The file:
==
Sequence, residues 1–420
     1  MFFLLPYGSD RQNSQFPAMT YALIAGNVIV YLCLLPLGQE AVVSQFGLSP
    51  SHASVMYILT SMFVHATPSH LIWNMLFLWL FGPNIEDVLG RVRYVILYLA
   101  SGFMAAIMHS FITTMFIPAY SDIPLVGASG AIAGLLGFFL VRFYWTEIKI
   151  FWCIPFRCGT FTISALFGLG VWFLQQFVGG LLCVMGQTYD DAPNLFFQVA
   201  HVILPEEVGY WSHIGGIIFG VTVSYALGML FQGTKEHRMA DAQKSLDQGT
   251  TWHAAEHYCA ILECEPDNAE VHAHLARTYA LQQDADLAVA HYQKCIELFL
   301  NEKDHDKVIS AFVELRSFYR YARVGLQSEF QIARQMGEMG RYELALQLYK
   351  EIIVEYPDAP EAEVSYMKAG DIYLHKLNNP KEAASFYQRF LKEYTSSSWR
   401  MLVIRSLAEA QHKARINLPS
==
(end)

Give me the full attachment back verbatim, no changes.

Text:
Sequence, residues 1–420
     1  MFFLLPYGSD RQNSQFPAMT YALIAGNVIV YLCLLPLGQE AVVSQFGLSP
    51  SHASVMYILT SMFVHATPSH LIWNMLFLWL FGPNIEDVLG RVRYVILYLA
   101  SGFMAAIMHS FITTMFIPAY SDIPLVGASG AIAGLLGFFL VRFYWTEIKI
   151  FWCIPFRCGT FTISALFGLG VWFLQQFVGG LLCVMGQTYD DAPNLFFQVA
   201  HVILPEEVGY WSHIGGIIFG VTVSYALGML FQGTKEHRMA DAQKSLDQGT
   251  TWHAAEHYCA ILECEPDNAE VHAHLARTYA LQQDADLAVA HYQKCIELFL
   301  NEKDHDKVIS AFVELRSFYR YARVGLQSEF QIARQMGEMG RYELALQLYK
   351  EIIVEYPDAP EAEVSYMKAG DIYLHKLNNP KEAASFYQRF LKEYTSSSWR
   401  MLVIRSLAEA QHKARINLPS